Mexico’s state-run utility and fossil fuel infrastructure need more time before the country can re-arrange the renewable auction it cancelled this year, a top official has said.
The country’s delayed fourth clean energy tender is “likely” to still go ahead but only when conditions are “optimal”, energy minister Rocío Nahle García said at an event this week.
Mexico assigns renewables a “fundamental role” in its energy transition, the government figure said as she addressed the Foro Energy Meet Point conference in Mexico City.
The country, Nahle argued, will stride towards clean energy growth “responsibly” to ensure it meets its target to source 35% of electricity from renewables by 2024.
However, the minister cautioned, support via further government tenders will depend on what the outlook is for state-run utility Comisión Federal de Electricidad (CFE).
Since left-wing president Andrés Manuel López Obrador (AMLO) came to power last year, CFE has staged a pushback against its obligation to purchase clean energy as the government offtaker.
In April, the state entity cited AMLO’s “new vision” as it warned it could reopen PPAs it said it was forced to enter under earlier tenders, describing wind and PV power as “very costly”.
The government, minister Nahle said this week, wants to ensure CFE has the time to beef up its own generation and transmission portfolio before a new clean energy tender is held.
“It is important to support the state’s productive entity because they are the ones who will pull the other actors through,” said Nahle, a chemical engineer by training.
‘More gas infrastructure’ before tender can take place
The minister appeared to link any future renewable tendering to further growth of natural gas. “If clean energy production rises, so must gas infrastructure to back that electricity,” she argued.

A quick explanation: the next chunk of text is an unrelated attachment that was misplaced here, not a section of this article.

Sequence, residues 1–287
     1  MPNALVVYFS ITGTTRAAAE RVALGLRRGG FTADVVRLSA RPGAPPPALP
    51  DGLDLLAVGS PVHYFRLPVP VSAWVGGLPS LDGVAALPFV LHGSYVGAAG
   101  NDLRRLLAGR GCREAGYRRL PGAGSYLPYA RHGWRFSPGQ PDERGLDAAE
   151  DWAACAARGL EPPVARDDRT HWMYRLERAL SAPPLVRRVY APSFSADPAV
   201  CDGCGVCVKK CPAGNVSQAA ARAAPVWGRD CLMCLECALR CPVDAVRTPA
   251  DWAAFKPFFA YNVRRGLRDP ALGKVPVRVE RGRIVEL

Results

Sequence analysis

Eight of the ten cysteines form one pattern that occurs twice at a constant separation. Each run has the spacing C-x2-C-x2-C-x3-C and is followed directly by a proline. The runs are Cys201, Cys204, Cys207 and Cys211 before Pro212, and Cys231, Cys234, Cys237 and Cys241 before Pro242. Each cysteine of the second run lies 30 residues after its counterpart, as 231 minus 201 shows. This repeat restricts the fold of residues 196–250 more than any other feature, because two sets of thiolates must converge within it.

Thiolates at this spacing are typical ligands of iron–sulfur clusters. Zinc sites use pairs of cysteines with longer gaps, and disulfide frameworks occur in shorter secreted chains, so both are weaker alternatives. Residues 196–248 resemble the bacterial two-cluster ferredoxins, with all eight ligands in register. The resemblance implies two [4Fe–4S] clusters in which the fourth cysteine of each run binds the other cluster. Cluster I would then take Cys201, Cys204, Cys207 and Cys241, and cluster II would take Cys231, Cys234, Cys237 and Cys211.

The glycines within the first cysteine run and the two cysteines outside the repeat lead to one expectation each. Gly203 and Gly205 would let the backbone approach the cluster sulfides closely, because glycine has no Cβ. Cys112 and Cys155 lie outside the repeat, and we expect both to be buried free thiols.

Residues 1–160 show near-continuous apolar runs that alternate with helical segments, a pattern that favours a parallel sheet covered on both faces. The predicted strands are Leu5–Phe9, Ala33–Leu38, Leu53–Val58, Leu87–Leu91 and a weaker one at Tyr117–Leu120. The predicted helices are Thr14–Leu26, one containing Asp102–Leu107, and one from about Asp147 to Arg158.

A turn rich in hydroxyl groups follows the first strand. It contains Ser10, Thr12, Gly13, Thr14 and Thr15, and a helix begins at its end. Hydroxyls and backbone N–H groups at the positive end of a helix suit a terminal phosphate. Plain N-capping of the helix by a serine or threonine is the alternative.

Nahle’s cautious support to the renewable agenda echoes similar statements in recent months. Opening a utility-scale PV plant in August, she said clean energy can count on AMLO’s support.
At the launch of Zuma Energía's 162MWp La Orejana, she argued the new government’s energy policy will not be “constrained, compressed nor inhibited”.
It will, Nahle argued, be “different” however to the agenda of prior president Enrique Peña Nieto, who legislated for a sweeping reform to liberalise the energy market.
Recently approached by PV Tech, Mexican operators urged developers to rethink negative pre-conceptions and tap into the country’s inherent PV potential, with foreign moves on the rise.
“As ideological as the government may yet become, energy will be needed and solar’s costs are very attractive,” Marco Nieto-Vázquez, partner of Baker McKenzie Mexico, told this publication.
“It’s time to be flexible, to listen beyond the show in the media, to realise that change does not mean opportunities are gone,” Nieto-Vázquez added, when contacted for a recent feature.
The feature examining the opportunities and risks of Brazilian and Mexican PV was part of PV Tech Power's Volume 20, which you can subscribe to here
The prospects and challenges of Latin American solar and storage will take centre stage at Solar Media's Energy Storage Latin America, to be held in Colombia on 28-29 April 2020.